2. I told you this would make a great post! I find it fascinating to read about all of the decisions you have made/have yet to make. I must say I’m glad I’ve never had to make THAT many decisions. Building a home obviously requires infinitely more decisions than just remodeling.

    If anyone can do this in an intelligent way, it’s you two. Seeing in person the way that you marked everything so carefully for the electricians was impressive. I understand exactly what you mean about having too many options. I got to the point when I was making decisions where I just poured a big glass of wine to help me be less picky about choosing stuff online, LOL. You guys are doing a fabulous job. Carry on! (And your oysters…wow!)

    • We are quite fascinated by all the details and choices that go into creating a house, as it gives us whole new perspective on places we have lived before. But I am also a little relieved when we find out that the next steps (e.g., insulation, HVAC) do NOT require much input from us. I’m still dealing with ordering bathroom faucets and kitchen cabinets! We are pretty satisfied with all the choices we have made so far, but we have also intentionally adopted a philosophy of NOT second-guessing decisions once they are made. Otherwise I think we would have a lot more angst.

  3. Enjoyed the laugh as I read your post. The problem is it seemed all too familiar. Recently we undertook the task of replacing our floor and kitchen cabinets. The floor tiles tented last Christmas so we began the journey of deciding what material should replace it. Wood? More tile? What about tile that looks like wood? Surely there aren’t many varieties of wood look tile, right? We couldn’t have been more wrong. So visiting a tile warehouse would narrow down the choices, right? Wrong! Now we have more choices than ever. Don’t you know how many colors wood look tile comes in?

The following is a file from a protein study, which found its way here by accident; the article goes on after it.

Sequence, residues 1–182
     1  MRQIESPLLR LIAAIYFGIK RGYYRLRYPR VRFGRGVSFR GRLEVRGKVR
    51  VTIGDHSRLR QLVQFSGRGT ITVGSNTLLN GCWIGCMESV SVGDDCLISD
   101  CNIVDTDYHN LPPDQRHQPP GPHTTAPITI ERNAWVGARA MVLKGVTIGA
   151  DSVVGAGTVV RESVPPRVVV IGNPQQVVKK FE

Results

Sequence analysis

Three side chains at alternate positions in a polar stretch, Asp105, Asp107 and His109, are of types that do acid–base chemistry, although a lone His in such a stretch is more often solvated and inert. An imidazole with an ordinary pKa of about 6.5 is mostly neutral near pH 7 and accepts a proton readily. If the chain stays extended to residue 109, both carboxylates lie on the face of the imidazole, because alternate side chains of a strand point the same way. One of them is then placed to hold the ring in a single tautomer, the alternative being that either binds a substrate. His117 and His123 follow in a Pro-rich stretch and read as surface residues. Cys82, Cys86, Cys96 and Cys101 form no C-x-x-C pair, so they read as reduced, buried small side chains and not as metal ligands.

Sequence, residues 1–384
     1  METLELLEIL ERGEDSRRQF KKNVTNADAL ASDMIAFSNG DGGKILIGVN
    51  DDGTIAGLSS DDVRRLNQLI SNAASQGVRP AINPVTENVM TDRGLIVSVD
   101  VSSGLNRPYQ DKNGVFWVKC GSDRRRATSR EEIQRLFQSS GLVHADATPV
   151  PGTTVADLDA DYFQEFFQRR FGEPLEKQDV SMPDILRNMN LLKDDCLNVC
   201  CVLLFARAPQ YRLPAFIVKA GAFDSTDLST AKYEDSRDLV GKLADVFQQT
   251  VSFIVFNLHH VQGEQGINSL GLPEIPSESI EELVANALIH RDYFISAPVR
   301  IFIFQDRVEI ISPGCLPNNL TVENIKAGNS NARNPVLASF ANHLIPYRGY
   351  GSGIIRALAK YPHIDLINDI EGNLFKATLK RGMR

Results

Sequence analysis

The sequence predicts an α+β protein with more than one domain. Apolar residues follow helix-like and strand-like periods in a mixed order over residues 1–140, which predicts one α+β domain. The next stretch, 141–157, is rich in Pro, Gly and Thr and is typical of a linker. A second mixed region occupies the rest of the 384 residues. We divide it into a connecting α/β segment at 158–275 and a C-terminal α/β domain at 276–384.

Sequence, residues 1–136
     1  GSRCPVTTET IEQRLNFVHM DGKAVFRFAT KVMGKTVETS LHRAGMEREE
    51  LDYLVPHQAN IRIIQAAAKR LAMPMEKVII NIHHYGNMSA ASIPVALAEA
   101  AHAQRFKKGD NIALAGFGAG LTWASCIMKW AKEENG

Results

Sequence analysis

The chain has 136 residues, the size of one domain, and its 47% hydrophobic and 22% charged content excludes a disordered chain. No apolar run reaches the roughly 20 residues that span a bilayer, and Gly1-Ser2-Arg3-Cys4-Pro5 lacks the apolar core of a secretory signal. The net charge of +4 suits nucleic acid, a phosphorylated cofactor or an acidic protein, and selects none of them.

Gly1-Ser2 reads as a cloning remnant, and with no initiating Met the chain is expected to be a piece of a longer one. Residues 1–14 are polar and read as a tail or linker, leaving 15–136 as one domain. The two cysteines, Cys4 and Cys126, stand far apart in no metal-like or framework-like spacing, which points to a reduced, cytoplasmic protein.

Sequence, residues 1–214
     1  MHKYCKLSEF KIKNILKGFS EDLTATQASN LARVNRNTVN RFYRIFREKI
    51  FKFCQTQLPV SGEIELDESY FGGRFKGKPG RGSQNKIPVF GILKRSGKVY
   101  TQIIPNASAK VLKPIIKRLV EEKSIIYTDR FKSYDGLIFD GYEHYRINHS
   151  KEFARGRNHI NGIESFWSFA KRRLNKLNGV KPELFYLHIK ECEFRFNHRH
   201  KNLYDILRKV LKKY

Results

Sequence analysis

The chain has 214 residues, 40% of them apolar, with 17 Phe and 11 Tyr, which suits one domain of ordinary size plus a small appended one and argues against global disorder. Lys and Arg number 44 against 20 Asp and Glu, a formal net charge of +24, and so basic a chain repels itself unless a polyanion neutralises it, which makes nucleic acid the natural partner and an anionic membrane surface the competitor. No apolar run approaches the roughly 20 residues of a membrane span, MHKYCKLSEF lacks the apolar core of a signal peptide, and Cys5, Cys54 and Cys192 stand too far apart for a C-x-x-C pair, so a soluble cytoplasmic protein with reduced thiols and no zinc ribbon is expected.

The next task was choosing new cabinets. Because naturally if the floor is torn up you need to replace the cabinets because even though tile that looks like wood is “in” but cabinets that look like wood are “out” these days. So that’s settled… white cabinets because they go with everything. Now what style cabinets? Shaker definitely. With an insert? Without an insert? Raised interior? Plain? My brain is now fried.

    So color was easy because we know we want white. Never go into a paint store unless you have a bottle of aspirin handy. They have an entire pamphlet of whites!